JURIST Guest Columnist David M. Crane, founding Chief Prosecutor of the international war crimes tribunal in West Africa, discusses the UN’s recent action that will allow for independent justice-seeking organizations to hold accountable parties committing international crimes in Syria…
On Wednesday 21 December, 105 member states of the United Nations General Assembly took an important step forward in seeking justice for the people of Syria. The action-taking was a resolution that paves the way for an independent organization to begin collecting, cataloging and analyzing data and other criminal information coming out of Syria into proper evidence to be used someday by a local, regional or international prosecutor someday to hold accountable all parties committing international crimes in Syria from March 2011 to the present.
Since the beginning of the civil war in 2011 there have been dozens of efforts by various nongovernmental organizations to collect data on the crimes being committed in Syria. Though laudable in their efforts, this massive amount of data is useless in a court of law. It is unreliable and not authenticated with no chains of custody or other safeguards. Essentially almost all of the data being collected regarding crimes in Syria is tainted and inadmissible.
Three organizations did begin to emerge that were working in tangent to correct this problem. The Syrian Accountability Center which I founded in March of 2011 to create a trial package for a future local, regional or international prosecutor. It is designed along the same methods I used to investigate and indict President Charles Taylor for war crimes and crimes against humanity in West Africa. Additionally, two other organizations are doing important work, the Coalition for International Justice and Accountability and the Syrian Justice and Accountability Center. The heads of these three organizations met and briefed various UN ambassadors on the evidence challenges in November. It was there I urged the creation of the accountability center concept.
As we began to consider various mechanisms to cure this problem, an accountability center became apparent, a center run by experienced international criminal law professionals who could take this mass of data already collected, and still coming out of Syria, and turning it into that evidence necessary to hold accountable those parties committing crimes in violation of Syrian and international law.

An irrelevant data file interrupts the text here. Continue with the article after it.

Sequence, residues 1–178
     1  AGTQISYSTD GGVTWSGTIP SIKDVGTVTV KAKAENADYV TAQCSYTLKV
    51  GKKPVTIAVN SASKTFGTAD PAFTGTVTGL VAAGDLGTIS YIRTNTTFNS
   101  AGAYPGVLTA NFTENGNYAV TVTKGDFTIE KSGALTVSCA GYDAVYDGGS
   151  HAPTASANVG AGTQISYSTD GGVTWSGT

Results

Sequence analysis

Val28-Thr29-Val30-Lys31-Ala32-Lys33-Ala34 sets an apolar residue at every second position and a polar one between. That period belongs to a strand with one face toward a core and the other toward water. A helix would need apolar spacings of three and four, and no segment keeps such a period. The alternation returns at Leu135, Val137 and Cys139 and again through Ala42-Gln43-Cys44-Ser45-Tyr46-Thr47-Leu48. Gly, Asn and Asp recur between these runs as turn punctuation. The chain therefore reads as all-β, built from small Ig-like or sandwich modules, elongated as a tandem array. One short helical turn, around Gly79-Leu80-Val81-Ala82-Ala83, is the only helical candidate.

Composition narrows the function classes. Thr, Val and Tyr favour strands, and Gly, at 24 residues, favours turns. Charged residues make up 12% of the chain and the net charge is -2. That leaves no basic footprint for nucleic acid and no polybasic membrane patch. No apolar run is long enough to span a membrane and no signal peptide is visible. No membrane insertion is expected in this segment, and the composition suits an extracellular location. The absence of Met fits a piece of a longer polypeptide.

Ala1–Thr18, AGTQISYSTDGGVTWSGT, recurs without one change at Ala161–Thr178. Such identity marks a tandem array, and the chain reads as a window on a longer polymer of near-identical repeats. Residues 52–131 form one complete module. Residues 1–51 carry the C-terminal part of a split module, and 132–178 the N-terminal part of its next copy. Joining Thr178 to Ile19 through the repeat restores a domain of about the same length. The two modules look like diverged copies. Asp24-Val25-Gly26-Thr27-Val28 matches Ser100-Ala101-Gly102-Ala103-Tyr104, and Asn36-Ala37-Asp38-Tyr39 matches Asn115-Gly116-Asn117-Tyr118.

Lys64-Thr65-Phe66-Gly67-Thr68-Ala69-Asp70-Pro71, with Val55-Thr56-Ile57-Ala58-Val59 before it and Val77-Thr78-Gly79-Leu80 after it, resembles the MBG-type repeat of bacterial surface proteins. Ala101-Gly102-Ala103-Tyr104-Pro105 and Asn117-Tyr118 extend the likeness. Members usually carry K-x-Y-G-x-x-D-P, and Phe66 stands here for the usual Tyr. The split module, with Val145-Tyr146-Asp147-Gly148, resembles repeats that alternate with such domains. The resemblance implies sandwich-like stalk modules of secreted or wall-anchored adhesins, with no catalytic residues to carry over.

The international community has spent millions of dollars supporting efforts to build data bases by organizations who in large measure do not have the experience to build a criminal case. The accountability center concept was designed to fix this problem. Throughout the Fall of 2016, we carefully planned a campaign to garner the support necessary to succeed in creating the accountability center. Under the leadership of Ambassadors Christian Weneweser of Lichtenstein [PDF] and Alya Althani of Qatar [PDF] various paths were considered from the Security Council, the General Assembly, and possibly a regional organization such as the European Union or the Arab League. The General Assembly was the most realistic pathway to success.
Past attempts to consider accountability solutions have failed in the Security Council due to the intransigence of Russia. Even the issuance of the Caesar Report, which I co-authored, in 2014 that confirmed horrific crimes against the Syrian people by Assad and his henchmen did not move Russia nor China to support a French resolution [PDF] calling for accountability. This stalemate in the Security Council has frozen any action until now.
Our intent in proposing the accountability center concept in September was to create an efficient capability that over the next several years the international community can rest assured that all of the terabytes of data collected will be converted to proper evidence that can be used in a court of law. Additionally, the United Nations had to be seen to be doing something on behalf of the international community. Perhaps this is that “something.” It certainly is an important step forward.
David M. Crane was the founding Chief Prosecutor of the international war crimes tribunal in West Africa, called the Special Court for Sierra Leone (now residual). He is also founder of the Syrian Accountability Project, and the I Am Syria Campaign. Crane currently is a professor at the Syracuse University College of Law.
Suggested citation: David M. Crane, A Step Forward: the UN & Justice for Syria, JURIST – Professional Commentary, January 4, 2017, http://jurist.org/dateline/2017/04/david-crane-a-step-forward.php.
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